Locals Want Gov’t Mediate ArcelorMittal E&P Conflict

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(Flashback) E&P Country Representative, Pamela Bowen Addressing Newsmen Recently in Monrovia.png

In an bid for peace and tranquility in the mining vicinity of Yekepah, citizens of Nimba County have called on the Government of Liberia to intervene in the alleged, ongoing indebtedness between steel giant ArcelorMittal and its sub-contractor company, Engineers and Planners (E&P).

E&P, a Ghanaian company, was contracted by Arcelor Mittal to carry out mining operations at its Tokadeh Mine — a two-year agreement that ends on December 31, 2013.

The management of E&P recently accused ArcelorMittal’s management of failing to settle with them for services they rendered the steel giant to the tune of several million U.S. dollars.

E&P also accused Mittal Steel of threatening E&P’s employees to go to work under the threat of being fired, though the employees are not under their jurisdiction.

ArcelorMittal has however rebuffed such claims, indicating that it does not owe E&P any money; instead, it is E&P that still owes them in services until the expiration of the contract which is on December 31, 2013. But E&P halted all operations at its Tokadeh mine on the 5th of December to the dismay of the management of ArcelorMittal.

The situation has further heightened tensions between some employees of E&P and their management, who are demanding December salaries and Christmas bonuses after allegedly ignoring the company’s halt action, “that would have compelled ArcelorMittal to settle her financial obligation.”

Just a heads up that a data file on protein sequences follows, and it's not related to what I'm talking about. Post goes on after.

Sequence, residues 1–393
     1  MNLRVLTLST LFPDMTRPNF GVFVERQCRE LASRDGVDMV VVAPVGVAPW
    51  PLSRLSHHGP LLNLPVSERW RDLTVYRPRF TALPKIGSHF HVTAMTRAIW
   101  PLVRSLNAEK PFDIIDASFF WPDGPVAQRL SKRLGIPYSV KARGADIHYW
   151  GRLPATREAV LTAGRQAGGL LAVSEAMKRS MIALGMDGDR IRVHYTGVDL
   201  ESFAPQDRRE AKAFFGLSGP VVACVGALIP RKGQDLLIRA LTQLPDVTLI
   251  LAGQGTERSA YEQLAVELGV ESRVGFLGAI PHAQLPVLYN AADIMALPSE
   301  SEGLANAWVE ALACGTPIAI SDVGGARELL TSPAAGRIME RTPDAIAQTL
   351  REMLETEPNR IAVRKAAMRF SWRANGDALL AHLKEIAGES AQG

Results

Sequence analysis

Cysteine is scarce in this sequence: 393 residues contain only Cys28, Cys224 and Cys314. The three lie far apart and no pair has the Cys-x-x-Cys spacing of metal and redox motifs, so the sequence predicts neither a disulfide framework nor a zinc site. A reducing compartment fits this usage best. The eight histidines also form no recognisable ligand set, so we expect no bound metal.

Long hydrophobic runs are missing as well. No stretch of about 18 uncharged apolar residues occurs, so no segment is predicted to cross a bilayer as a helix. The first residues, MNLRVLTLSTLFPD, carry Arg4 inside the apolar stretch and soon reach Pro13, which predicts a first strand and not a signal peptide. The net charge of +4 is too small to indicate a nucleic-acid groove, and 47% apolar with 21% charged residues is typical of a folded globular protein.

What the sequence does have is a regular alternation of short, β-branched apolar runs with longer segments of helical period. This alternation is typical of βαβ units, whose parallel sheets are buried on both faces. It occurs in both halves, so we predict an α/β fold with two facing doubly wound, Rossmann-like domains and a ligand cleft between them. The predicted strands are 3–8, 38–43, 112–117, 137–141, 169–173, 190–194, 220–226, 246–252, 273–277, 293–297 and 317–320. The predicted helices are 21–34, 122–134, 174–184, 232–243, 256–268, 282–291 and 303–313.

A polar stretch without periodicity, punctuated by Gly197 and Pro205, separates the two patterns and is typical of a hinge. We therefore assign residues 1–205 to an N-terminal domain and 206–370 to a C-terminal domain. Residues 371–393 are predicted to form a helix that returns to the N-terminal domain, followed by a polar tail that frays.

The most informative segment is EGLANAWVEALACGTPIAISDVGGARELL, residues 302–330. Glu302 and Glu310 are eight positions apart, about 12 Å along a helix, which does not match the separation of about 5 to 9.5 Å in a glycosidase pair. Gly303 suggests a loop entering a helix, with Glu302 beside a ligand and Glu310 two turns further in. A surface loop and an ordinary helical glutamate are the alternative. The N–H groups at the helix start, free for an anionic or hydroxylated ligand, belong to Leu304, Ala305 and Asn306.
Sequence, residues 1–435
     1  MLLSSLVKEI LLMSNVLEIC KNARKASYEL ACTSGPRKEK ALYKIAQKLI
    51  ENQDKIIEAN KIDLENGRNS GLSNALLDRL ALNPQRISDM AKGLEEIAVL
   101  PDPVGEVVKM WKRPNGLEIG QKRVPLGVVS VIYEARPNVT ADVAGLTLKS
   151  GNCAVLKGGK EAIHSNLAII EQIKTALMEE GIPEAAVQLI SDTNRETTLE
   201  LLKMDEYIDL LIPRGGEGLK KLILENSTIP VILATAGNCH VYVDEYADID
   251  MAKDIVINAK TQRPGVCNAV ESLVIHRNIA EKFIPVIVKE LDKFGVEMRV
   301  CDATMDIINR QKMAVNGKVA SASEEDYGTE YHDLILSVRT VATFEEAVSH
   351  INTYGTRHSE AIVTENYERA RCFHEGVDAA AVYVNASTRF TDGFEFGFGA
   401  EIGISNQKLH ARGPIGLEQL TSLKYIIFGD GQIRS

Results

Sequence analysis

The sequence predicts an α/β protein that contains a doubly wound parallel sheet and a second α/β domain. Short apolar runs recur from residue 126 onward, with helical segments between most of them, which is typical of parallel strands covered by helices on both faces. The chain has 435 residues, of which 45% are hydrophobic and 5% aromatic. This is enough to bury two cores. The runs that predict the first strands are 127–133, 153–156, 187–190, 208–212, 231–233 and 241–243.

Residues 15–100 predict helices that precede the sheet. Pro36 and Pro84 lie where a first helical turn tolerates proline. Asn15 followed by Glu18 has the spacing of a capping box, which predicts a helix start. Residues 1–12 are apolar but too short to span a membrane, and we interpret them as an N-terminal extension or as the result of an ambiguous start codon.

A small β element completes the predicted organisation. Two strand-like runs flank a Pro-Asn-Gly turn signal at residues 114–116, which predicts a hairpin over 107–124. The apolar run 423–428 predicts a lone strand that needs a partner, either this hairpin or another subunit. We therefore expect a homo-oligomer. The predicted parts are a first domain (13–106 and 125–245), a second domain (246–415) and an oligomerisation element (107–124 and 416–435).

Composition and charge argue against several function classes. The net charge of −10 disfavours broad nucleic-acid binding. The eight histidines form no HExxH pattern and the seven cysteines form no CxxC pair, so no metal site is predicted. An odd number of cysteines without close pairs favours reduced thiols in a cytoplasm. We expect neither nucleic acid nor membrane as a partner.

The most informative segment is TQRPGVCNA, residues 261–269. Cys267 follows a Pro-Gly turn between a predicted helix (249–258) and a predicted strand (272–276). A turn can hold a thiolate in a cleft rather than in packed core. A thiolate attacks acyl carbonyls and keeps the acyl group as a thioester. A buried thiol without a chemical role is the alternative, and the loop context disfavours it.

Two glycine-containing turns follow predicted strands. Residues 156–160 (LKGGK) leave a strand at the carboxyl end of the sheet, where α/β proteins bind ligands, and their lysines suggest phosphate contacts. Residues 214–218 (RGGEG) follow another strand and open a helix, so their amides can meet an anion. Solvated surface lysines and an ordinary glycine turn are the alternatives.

The situation has left the fate of about 189 personnel — all Liberian and legitimate employees of E&P — in limbo.

An ArcelorMittal contractor who begged anonymity said:  “People always refer to Nimbaians as violent-minded people, so we do not want anything to happen in this place; let government intervene so the whole issue can be settled. Everyone is looking up to government to bring this situation to an end, so they must act swiftly."

“We learned that E&P wanted to take her equipment out of the mine; but they have been stopped by Mittal steel’s management on several occasions. Our government needs to intervene as quickly as possible to settle this matter or else we will have some problems in this area,” said Michael Zorlee, a resident of Yekepah.

“I want to call on the government through the relevant ministries such as Labor, Lands, Mines, and Energy, and Justice, to tackle this situation before it gets out of hand.  Let those who are wrong be told they are wrong, and those who are right be told so,” he added.

Meanwhile, E&P Human Resource Manager, Harrison Agama, said the management of ArcelorMittal continues to prevent his company from transporting its equipment from the mines.

Mr. Agama said that they will no longer condone such acts and it will do all it takes to have their equipment transported to Monrovia.

He said that several former employees of E&P are threatening to seize the company’s equipment or vandalize their warehouse.

“ArcelorMittal has always paid E&P in line with the terms of the contract and on a timely basis. We make payments within 30 days, once a bill is received,” said ArcelorMittal’s Yekepa Communication Manager, Mr. Jerry Mwagbe.

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